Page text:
New York Appeals Court Overturns Sanction Requiring Bank To Accept Terms Of Trial Loan Modification


On May 1, the Supreme Court of the State of New York, Appellate Division, overturned a lower court’s order requiring a lender to modify a borrower’s loan agreement under the terms employed in the trial period as the penalty for failing to negotiate with the borrower in good faith during the required settlement conference. Wells Fargo Bank, N.A. v. Meyers, No. 34632/09, 2013 WL 1811781 (N.Y. Sup. Ct. App. Div. May 1, 2013). On appeal, the appellate court held that the HAMP trial agreement is not a proper agreement regarding the real property and cannot be enforced as an agreement. Moreover, the appellate court held that a court may not rewrite a contract that the parties freely entered into upon a finding that one of those parties failed to satisfy its obligation to negotiate in good faith during the settlement conference. Further, the court held that because the lender was not given notice that the trial court was considering such a remedy, the sanction violated the lender’s due process rights. The appellate court overturned the trial court’s order and remanded the case for further proceedings.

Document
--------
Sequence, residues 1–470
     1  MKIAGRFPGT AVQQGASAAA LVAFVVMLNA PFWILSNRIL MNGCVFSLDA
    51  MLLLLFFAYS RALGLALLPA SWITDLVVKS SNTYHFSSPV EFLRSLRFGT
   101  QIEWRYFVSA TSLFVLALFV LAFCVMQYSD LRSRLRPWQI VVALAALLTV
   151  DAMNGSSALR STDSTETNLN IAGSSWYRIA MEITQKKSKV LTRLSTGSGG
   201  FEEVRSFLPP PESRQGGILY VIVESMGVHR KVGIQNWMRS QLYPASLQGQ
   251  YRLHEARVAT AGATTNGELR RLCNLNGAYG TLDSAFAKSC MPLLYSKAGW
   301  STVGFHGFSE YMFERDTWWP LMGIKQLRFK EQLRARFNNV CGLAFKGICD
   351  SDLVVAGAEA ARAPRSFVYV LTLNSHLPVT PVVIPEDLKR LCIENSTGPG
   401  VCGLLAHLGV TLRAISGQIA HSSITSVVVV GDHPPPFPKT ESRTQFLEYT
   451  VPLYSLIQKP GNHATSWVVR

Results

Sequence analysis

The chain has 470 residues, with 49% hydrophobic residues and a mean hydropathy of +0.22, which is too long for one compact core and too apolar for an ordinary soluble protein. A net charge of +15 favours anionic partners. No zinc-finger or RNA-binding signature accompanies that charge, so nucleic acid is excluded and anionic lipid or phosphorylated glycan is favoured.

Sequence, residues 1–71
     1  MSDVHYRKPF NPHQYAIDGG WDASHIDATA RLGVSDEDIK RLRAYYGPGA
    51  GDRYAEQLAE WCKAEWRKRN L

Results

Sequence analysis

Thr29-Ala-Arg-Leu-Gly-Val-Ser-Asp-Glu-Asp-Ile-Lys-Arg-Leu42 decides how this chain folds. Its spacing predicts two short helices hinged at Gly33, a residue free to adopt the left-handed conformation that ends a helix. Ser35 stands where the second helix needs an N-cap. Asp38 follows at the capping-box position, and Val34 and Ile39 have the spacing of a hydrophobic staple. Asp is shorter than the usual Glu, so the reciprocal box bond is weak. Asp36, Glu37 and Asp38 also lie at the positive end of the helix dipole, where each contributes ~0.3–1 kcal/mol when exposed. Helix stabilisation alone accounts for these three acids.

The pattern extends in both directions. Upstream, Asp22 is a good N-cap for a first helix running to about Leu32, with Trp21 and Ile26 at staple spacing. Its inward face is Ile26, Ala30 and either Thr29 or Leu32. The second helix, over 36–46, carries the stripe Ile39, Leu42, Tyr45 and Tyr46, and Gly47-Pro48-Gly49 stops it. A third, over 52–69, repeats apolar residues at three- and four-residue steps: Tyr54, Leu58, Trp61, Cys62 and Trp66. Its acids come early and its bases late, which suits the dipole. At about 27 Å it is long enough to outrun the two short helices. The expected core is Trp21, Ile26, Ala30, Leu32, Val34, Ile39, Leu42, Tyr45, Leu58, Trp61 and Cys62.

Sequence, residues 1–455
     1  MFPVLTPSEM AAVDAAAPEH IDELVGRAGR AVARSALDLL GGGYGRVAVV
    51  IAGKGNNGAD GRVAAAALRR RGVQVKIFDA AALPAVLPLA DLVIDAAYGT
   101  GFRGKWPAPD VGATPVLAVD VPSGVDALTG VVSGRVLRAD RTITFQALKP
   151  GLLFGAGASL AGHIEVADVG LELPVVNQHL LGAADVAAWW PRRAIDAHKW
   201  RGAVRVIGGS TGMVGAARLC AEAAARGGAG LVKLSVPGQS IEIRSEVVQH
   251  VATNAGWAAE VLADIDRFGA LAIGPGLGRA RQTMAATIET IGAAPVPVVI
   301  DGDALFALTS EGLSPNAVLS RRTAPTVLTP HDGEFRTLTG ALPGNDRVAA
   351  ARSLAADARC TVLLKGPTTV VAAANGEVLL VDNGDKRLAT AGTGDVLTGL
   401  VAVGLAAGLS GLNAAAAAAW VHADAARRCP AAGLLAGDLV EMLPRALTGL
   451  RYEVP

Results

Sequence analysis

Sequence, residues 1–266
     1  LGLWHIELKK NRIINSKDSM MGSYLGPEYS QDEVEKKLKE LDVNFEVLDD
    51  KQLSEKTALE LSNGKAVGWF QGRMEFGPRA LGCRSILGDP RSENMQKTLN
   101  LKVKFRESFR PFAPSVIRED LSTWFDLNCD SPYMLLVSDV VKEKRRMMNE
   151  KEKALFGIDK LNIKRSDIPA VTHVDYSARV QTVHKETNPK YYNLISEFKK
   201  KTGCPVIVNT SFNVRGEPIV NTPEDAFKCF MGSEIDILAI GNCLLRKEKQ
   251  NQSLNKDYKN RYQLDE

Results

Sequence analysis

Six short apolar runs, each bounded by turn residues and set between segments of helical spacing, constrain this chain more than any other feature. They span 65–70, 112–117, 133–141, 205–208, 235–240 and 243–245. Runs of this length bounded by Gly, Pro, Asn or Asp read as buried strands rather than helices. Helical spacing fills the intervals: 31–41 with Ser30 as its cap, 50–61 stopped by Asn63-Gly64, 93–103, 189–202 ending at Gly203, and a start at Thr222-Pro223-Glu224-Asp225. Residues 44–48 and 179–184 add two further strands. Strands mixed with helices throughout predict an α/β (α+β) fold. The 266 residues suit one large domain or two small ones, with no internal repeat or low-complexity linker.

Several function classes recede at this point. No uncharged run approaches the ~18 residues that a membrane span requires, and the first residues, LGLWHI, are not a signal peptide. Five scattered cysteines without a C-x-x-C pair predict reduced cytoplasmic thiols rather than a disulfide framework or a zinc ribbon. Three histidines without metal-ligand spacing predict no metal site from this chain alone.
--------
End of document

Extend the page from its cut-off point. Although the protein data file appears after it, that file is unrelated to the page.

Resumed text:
Topics:  Due Process, Loan Modifications, Notice Requirements, Sanctions

Published In: Civil Procedure Updates, General Business Updates, Finance & Banking Updates, Residential Real Estate Updates

DISCLAIMER: Because of the generality of this update, the information provided herein may not be applicable in all situations and should not be acted upon without specific legal advice based on particular situations.

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